Graphic Nature: Laurent Durieux – Oldboy [Milan]

 

Released in 2003, Park Chanwook’s Oldboy is often heralded as a cult favorite and mastapiece of Korean cinema. Venturing to emotional extremes with its grim violence and extraordinary sadomasochism, it is a film that is compulsive viewing for anyone with a petulance for gore or a good revenge story.   As tense as it is tragic, Cho Young-Wuk’s composition work mirrors the film’s dark beauty – filled with melancholic moments and infectious melodies. Looking for a visual artist to complement the project, Milan Records enlisted the talents of Laurent Durieux  – whose captivating , lucid style immaculately captured the overcast essence of the film.

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“I got an email from Milan records asking me if I was interested in creating the artwork for the LP Original Soundtrack of Oldboy” explains Durieux   in regards to how he got involved in the project. “I am lucky enough to have many offers for countless properties and movies and this gives me the insane luxury to choose the very ones that are special to me. As it turned out I was interested. I love both the movie and the music.”

Left to his own devices, Durieux was able to showcase a unique, personal perspective of the film without being constricted by the label or design teams. “Milan hardly had any input in the creation of the poster” informs Durieux. “They trusted me completely and they knew that it is the way I work, without having anyone behind my shoulder telling me what to do. So it was pretty much Carte Blanche and Jean-Christophe Chamboredon at Milan Records and Nicolas Winding Refn (soundtrack producer) as well as Director Park being intelligent enough to understand that. It was such a pleasure working with them on this project.”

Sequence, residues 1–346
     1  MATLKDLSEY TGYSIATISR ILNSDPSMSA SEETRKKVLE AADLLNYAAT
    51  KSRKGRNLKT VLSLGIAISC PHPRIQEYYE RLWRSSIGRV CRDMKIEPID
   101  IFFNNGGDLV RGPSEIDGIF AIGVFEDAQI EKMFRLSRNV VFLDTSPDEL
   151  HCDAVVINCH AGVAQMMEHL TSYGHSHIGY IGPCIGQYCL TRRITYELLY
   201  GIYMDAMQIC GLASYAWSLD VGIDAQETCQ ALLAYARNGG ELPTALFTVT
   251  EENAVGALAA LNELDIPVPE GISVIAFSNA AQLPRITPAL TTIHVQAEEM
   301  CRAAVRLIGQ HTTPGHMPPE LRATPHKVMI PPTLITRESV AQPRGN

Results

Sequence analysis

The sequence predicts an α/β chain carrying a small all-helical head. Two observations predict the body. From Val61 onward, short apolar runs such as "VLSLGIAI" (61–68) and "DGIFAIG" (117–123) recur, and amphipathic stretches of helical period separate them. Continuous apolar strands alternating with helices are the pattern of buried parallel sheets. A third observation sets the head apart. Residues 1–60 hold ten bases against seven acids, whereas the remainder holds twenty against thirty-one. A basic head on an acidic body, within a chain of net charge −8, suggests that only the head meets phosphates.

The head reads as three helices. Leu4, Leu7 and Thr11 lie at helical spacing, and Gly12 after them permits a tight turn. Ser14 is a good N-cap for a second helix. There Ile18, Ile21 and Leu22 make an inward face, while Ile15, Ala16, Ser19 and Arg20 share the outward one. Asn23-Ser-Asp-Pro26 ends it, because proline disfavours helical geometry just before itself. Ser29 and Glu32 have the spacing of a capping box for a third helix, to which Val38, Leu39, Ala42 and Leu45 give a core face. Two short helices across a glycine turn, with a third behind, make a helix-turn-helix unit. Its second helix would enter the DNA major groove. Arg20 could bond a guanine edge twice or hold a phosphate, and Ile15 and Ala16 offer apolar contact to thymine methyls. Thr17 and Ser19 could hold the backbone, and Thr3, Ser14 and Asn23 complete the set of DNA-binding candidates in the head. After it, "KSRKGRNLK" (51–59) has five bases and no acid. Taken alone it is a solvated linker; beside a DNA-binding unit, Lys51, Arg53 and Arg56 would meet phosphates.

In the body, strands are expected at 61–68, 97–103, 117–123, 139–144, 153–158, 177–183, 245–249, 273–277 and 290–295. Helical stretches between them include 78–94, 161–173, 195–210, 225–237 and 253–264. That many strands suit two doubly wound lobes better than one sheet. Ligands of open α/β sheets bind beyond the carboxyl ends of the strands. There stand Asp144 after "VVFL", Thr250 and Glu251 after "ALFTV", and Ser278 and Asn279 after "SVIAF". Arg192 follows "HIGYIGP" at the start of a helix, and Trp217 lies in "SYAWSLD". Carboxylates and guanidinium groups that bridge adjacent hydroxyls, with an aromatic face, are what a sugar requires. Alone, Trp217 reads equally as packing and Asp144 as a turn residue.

Taking three weeks to complete, Durieux ignores the films brutal violence – instead focusing on the relationship between the main character Oh Dae-su and his sidekick/love interest Mi-do. “I knew the movie, I had seen it several times years ago” notes Durieux. “So I had to watch it again to remember all the details, the story, the psychology of the characters, etc, I did not listen to the soundtrack at all, the music doesn’t really inspire me that much visually as much as the images from the film. I wanted the viewer to somehow feel like a voyeur, discovering as their eyes are travelling through the image the hidden details, both the poetry and the ominousness of the image.”

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Sombre and dripping in moody textures, Durieux’s unique approach makes even the warm colors look cold and empty on the page. Using techniques that emphasizes low key lighting and splashes of  unbalanced compositions – Durieux work is steeped in qualities akin to film noir. The voyeuristic nature of the film is also highlighted within the work with subtle use of reflections and shadows.

Taking a look at the creative process behind the project, Durieux notes ”I’m pretty much all digital nowadays. I do sketch (on actual paper) a few ideas but that is just for my own use, I open some doors which turned out to be dead ends, but I feel by putting ideas on paper, even bad ones, that helps me seeing it more clearly. [Originally] I designed it as a poster – knowing I would have to crop it somehow to match the gatefold format. I did stick to a limited palette of colors as it was agreed from the very beginning that I would produce a screen print from the original LP artwork.”

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Already a well know artist within the growing black circle genre due to his poster work with Mondo –   Durieux reflects fondly upon his debut vinyl release with Milan, stating  “I was very happy with it. But was even more so with the large screen print for obvious reasons. My brother Jack did the type treatment and art direction of the vinyl (and poster) which we all were very happy with.”

Blending contemporary musical influences with classic orchestral ones, Cho Young-Wuk’s use of  electronica and stormy strings creates a detailed atmosphere of near-mournful suspense and malice.  Equally as appealing, Laurent Durieux’s provocative palette beautifully highlights the scopophiliac themes and eerie dissonance of both Oldboy’s film and score.

Peace to Laurent Durieux for helping out with this piece. Hunt down your own copy of Oldboy and other  releases at Milan Records. Check out Durieux’s other works on his Official Page and buy yourself a treat at his Store.

 

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